By theorem 2, it only remains to show that if {\Gamma\vdash b} and {\Gamma\!,b\vdash a} then {\Gamma\vdash a}. If {b\in\Gamma} or {a\in\Gamma\cup\{b\}} then the result is immediate. So, we only need to consider the case where we have finite sequences {a_k,b_k\in L}, finite sets {S_k\subseteq\Gamma\cup\{b,a_1,\ldots,a_{k-1}\}} and {T_k\subseteq\Gamma\cup\{b_1,\ldots,b_{k-1}\}} satisfying {S_kRa_k} and {T_kRb_k}, and {b_n=b}, {a_m=a}. In that case, set {\tilde a_k=b_k} and {\tilde S_k=T_k} for {k\le n}. Similarly, set {\tilde a_k=a_{k-n}} and {\tilde S_k=S_{k-n}} for {n < k\le m+n}. We then have {\tilde S_k\subseteq\Gamma\cup\{\tilde a_1,\ldots,\tilde a_{k-1}\}}, {\tilde S_k R\tilde a_k} and {a=\tilde a_{m+n}}, so {\Gamma\vdash a} as required. ⬜

A consequence relation {\vdash} defines a preorder on {L}, given by {a\vdash b}. This can be expressed in either of the following ways.

Lemma 6 For any {a,b\in L}, the following are equivalent.

  1. {a\vdash b}.
  2. {\Gamma\vdash b} for all {\Gamma\subseteq L} satisfying {\Gamma\vdash a}.
  3. {\Gamma\!,a\vdash c} for all {\Gamma\subseteq L} and {c\in L} satisfying {\Gamma\!,b\vdash c}.

Proof: If the first statement holds and {\Gamma\vdash a} then {\Gamma\vdash b} by transitivity.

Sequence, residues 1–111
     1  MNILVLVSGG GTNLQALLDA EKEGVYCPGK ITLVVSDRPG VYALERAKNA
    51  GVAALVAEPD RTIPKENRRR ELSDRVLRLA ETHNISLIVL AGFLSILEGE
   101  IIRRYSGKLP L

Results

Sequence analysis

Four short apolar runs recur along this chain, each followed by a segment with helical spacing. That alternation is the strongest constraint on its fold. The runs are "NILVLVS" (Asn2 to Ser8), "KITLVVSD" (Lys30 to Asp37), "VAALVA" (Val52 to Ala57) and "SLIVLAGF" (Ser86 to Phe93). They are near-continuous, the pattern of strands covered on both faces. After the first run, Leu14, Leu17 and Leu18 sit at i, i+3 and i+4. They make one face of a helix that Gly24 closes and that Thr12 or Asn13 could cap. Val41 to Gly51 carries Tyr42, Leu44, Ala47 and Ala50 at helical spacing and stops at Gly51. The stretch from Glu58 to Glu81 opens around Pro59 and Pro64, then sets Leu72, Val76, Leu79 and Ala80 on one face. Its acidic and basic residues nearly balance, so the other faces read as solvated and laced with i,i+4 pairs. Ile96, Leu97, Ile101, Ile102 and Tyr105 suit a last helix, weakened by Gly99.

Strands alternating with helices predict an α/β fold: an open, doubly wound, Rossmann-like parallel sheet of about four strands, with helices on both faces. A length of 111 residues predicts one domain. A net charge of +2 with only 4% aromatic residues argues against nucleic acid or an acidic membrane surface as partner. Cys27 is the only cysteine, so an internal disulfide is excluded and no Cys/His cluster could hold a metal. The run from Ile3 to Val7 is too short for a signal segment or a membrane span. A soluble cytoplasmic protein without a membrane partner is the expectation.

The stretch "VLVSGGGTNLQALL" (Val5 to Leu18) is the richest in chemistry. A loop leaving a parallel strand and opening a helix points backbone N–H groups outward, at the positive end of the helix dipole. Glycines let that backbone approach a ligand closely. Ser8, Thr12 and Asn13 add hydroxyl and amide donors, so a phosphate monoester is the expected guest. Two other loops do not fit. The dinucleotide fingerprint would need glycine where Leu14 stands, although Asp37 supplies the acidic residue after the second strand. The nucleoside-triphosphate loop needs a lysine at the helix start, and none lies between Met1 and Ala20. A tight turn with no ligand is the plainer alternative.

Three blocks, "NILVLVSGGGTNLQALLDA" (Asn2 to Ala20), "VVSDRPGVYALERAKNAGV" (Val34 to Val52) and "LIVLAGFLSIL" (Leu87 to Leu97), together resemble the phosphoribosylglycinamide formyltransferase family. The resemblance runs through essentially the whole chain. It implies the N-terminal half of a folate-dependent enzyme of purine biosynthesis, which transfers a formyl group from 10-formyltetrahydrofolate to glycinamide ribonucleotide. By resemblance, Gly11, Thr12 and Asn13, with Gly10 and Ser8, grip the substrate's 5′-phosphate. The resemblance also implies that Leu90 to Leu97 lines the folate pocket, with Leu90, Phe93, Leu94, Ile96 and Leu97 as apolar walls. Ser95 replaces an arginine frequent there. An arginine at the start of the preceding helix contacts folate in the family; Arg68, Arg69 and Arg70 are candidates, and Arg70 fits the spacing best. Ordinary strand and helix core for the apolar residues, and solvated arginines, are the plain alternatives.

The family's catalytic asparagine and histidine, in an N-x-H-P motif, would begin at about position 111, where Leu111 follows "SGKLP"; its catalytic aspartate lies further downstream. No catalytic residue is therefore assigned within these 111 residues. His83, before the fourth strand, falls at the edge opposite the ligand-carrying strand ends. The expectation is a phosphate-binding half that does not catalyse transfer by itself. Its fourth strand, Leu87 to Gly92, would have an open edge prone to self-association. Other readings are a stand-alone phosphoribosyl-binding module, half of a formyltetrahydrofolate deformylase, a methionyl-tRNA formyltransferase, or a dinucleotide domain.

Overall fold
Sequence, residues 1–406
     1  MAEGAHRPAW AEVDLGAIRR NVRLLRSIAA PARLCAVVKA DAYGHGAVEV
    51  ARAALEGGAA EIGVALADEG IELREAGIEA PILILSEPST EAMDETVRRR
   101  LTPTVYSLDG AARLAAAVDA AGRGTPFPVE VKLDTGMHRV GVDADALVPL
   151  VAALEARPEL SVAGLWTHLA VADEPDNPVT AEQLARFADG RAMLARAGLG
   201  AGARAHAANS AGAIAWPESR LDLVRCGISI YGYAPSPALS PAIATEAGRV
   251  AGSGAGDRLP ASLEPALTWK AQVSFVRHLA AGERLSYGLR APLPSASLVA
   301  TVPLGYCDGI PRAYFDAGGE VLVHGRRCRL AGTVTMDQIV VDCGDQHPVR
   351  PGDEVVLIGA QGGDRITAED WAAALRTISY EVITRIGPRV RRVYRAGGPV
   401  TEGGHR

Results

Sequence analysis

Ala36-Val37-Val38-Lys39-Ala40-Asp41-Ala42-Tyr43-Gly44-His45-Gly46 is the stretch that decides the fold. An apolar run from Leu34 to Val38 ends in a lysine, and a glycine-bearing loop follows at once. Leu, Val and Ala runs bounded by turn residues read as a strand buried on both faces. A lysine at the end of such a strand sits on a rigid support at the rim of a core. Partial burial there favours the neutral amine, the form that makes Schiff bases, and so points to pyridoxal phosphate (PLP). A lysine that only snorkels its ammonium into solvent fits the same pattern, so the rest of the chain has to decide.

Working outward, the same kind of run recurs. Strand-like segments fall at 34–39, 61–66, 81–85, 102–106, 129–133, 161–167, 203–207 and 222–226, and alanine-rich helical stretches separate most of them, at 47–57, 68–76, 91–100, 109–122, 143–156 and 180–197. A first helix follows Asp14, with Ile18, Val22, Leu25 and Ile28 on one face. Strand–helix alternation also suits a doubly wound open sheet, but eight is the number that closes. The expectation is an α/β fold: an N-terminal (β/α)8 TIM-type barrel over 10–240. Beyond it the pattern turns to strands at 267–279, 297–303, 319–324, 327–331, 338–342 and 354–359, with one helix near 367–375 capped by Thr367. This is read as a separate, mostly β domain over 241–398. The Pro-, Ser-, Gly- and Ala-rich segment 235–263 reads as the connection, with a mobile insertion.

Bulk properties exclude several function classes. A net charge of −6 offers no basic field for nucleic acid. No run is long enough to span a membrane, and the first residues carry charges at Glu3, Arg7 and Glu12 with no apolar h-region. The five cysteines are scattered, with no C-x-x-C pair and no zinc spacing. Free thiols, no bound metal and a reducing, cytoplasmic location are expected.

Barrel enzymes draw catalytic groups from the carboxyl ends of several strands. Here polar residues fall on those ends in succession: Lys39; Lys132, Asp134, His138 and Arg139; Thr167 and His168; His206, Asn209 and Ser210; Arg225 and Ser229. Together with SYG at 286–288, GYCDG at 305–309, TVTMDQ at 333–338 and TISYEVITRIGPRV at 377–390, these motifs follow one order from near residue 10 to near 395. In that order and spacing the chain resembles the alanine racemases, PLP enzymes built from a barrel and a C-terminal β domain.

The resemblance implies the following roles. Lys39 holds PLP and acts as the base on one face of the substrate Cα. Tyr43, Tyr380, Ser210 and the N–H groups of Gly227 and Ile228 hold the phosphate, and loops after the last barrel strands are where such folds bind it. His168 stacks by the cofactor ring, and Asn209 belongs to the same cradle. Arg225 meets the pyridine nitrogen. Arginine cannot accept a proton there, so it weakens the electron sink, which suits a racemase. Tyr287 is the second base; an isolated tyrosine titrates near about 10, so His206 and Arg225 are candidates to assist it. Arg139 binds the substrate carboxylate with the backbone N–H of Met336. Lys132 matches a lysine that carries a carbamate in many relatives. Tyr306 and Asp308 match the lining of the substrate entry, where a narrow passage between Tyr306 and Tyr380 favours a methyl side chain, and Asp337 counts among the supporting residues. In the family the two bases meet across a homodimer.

Suppose that the second statement holds and {\Gamma\!,b\vdash c}. As {\Gamma\!,a\vdash a}, the second statement gives {\Gamma\!,a\vdash b}. Transitivity gives {\Gamma\!,a\vdash c}.

Finally, suppose that the third statement holds. Using {c=b}, we have {\Gamma\!,b\vdash b} and, hence, {\Gamma\!,a\vdash b}. Putting {\Gamma=\emptyset} gives the first statement. ⬜

Consequently, {\vdash} defines an equivalence relation on {L} given by {a\vdash b} and {b\vdash a}. We say that {a} and {b} are logically equivalent.

Corollary 7 For any {a,b\in L}, the following are equivalent.

  1. {a\vdash b} and {b\vdash a}.
  2. {\Gamma\vdash a} iff {\Gamma\vdash b}, for all {\Gamma\subseteq L}.
  3. {\Gamma\!,a\vdash c} iff {\Gamma\!,b\vdash c}, for all {\Gamma\subseteq L} and {c\in L}.

If any (or all) of these hold, then we say that {a,b} are logically equivalent and write {a\cong b}.

The following is just a statement of the fact that a consequence relation is not able to distinguish logically equivalent statements.

Lemma 8 Let {\Gamma,\Gamma^\prime\subseteq L} and {a,a^\prime\in L}. Suppose that {a\cong a^\prime} and for every {x\in\Gamma} there is an {x^\prime\in\Gamma^\prime} with {x\cong x^\prime}.

If {\Gamma\vdash a} then {\Gamma^\prime\vdash a^\prime}.

Proof: For every {x\in\Gamma}, we have {x\cong x^\prime} for some {x^\prime\in\Gamma^\prime}. As {\Gamma^\prime\vdash x^\prime}, this implies that {\Gamma^\prime\vdash x}. By transitivity, {\Gamma^\prime\vdash a}. So, {\Gamma^\prime\vdash a^\prime}. ⬜

Note that for any logic {(L,\vdash)} we can define its set {L/\cong} of equivalence classes, together with a natural function {\eta_L\colon L\rightarrow L/\cong} taking each {x\in L} to its equivalence class. We can then define a consequence relation on {L/\cong} by {\theta(\Gamma)\vdash\theta(a)} iff {\Gamma\vdash a} for {\Gamma\subseteq L} and {a\in L}.